Having set the depth sampling, one must turn to the timing of the pings. Pinging more rapidly permits shorter averaging intervals for a given level of accuracy. It is important to leave enough time between pings, however, so that sound returned from one ping does interfere with the return from its successor. This consideration is most likely to be a limiting factor with lower-frequency ADCPs. For example, if an OS38 pings every 2 seconds in water of 2000-m depth, the bottom-bounce of a ping will arrive at the same time as the 700-m return of its successor, and hence may bias the velocity estimate at that depth. A 3-s ping interval is a reasonable minimum for this instrument. Another consideration in setting ping timing parameters is the potential for systematic interference with other sonars. If there are two or more sonars pinging at regular intervals, and they cannot be synchronized to ping either simultaneously or sufficiently interleaved so as to avoid interference, then they should be set to ping at rates that are not exact multiples; otherwise, the interference will appear at a constant or slowly varying depth.
The velocity measured by an ADCP on a ship underway usually is dominated by the speed of the ship, not the speed of the ocean current. Therefore the estimate of the current is sensitive to small errors in measured velocity; errors in measured speed cause errors in estimating the component of current along the track, and errors in measured direction cause errors in estimating the cross-track component of the current. Speed errors can be minimized by a scale-factor calibration: that is, by determining and applying a small adjustment to the coefficient that multiplies Doppler shift to yield water velocity component along a beam. Direction errors are minimized by accurately determining the orientation of the transducer relative to the heading reference.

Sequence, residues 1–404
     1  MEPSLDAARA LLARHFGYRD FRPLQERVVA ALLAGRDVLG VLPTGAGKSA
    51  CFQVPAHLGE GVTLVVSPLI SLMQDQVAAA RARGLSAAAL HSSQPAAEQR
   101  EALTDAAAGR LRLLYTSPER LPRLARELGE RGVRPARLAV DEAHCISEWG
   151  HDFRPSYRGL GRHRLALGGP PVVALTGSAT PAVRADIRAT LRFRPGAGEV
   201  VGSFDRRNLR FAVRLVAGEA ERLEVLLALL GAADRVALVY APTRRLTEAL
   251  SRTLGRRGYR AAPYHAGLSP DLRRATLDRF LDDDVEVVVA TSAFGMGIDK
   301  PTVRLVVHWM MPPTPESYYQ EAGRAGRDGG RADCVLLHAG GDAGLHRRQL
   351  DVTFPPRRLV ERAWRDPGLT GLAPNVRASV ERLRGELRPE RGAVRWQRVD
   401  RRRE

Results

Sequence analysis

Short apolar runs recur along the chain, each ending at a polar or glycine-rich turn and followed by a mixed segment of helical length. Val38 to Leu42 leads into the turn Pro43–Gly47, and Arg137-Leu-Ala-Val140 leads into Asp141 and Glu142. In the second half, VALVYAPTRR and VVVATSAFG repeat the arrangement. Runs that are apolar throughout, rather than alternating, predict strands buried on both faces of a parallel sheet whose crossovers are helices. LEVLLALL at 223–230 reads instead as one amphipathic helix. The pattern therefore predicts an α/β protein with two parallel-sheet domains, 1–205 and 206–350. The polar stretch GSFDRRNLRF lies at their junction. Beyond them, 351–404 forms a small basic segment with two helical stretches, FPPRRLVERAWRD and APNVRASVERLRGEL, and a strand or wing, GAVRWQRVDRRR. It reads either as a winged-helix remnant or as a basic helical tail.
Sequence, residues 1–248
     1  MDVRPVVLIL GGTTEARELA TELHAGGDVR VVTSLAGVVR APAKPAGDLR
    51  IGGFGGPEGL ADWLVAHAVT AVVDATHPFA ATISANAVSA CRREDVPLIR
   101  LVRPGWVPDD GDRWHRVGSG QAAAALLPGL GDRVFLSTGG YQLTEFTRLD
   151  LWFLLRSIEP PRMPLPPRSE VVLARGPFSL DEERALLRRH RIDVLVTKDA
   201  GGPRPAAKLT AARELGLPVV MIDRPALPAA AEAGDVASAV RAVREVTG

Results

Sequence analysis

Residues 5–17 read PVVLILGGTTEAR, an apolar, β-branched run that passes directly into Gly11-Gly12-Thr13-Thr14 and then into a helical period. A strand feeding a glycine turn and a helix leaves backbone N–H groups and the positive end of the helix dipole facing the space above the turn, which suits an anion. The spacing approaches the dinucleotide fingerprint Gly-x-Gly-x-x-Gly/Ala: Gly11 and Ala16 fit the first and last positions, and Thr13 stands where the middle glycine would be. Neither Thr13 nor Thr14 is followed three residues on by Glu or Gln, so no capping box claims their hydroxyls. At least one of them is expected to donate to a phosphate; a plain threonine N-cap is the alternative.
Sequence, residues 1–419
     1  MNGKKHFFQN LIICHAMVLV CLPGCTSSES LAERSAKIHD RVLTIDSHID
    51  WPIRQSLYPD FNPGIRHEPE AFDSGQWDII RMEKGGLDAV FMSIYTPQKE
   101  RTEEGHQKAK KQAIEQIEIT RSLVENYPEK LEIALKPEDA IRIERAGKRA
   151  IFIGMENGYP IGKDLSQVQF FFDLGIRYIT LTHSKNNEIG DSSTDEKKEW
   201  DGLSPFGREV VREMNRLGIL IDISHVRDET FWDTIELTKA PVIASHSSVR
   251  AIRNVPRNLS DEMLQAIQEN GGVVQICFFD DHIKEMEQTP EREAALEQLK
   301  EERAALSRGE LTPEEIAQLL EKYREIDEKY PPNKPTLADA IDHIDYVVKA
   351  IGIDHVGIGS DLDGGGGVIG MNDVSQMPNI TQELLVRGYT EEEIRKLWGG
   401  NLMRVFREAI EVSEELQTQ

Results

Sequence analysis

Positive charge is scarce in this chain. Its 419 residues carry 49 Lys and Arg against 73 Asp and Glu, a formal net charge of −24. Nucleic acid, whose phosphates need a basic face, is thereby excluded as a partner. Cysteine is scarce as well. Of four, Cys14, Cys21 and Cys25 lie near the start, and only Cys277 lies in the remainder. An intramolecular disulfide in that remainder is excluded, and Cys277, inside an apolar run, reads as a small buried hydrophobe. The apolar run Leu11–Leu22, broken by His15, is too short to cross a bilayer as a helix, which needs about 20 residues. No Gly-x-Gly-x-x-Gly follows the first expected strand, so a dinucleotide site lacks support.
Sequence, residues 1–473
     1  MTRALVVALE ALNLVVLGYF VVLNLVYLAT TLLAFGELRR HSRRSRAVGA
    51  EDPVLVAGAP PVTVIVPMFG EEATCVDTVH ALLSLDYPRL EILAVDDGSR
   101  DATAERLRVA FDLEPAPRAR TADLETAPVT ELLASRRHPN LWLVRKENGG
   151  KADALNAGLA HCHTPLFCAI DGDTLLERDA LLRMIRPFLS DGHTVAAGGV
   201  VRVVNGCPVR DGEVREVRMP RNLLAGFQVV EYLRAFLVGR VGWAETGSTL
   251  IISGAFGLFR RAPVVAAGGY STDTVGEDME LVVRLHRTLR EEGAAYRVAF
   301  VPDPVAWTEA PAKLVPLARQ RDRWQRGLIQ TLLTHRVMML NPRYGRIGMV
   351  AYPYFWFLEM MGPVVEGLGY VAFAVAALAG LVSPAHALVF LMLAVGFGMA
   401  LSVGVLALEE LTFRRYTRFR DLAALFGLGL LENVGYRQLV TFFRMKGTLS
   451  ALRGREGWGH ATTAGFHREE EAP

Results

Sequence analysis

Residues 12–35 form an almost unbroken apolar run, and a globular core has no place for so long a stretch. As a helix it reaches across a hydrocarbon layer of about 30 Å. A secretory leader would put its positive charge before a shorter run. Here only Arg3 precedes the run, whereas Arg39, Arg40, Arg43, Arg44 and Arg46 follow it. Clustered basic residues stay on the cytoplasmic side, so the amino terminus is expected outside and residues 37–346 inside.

In the determination of the horizontal component of velocity, the scale factor depends on the horizontal component of the wavenumber vector of the transmitted sound. (We will assume that the frequency of the sound is known accurately enough, and is stable enough in time, that it can be considered a known constant. We will also assume the transducer is level; taking into account the tilts of a transducer at sea does not change the basic points we are making here.) For ADCPs with discrete transducers, the horizontal component of the wavenumber vector for each beam is a function of the speed of sound at the transducer face and of the inclination of the beam from the vertical. In contrast, for phased array transducers of the type used in the Ocean Surveyors, the horizontal component of the wavenumber vector is determined by the spacing of the transducer elements, and does not depend on the speed of sound.
In practice, other factors may cause small but significant biases in the scale factor, so one wants to estimate it and monitor it. Experience to date indicates that Ocean Surveyor scale factors cluster around 1.003; that is, the estimate of Doppler shift is biased low by about 0.3%. If the calibration procedure indicates a bias exceeding about 0.5%, it indicates that either the data were acquired under adverse conditions and the single-ping editing was not adequate for removing the bias, or there is a problem with the installation.
The heading of the ADCP transducer is that of the master heading sensor, plus the heading offset between the transducer and the sensor. By “master”, we mean the most accurate available sensor, typically using an array of gps antennas. Given good, solid transducer and heading sensor installations, the offset needs to be determined only once, but very accurately. In practice, one wants to monitor routine estimates of this offset—the “heading calibration factor”—so as to detect any shifts that might occur. For example, a heading sensor may degrade in subtle ways, or a gps antenna array might be bumped out of its original alignment.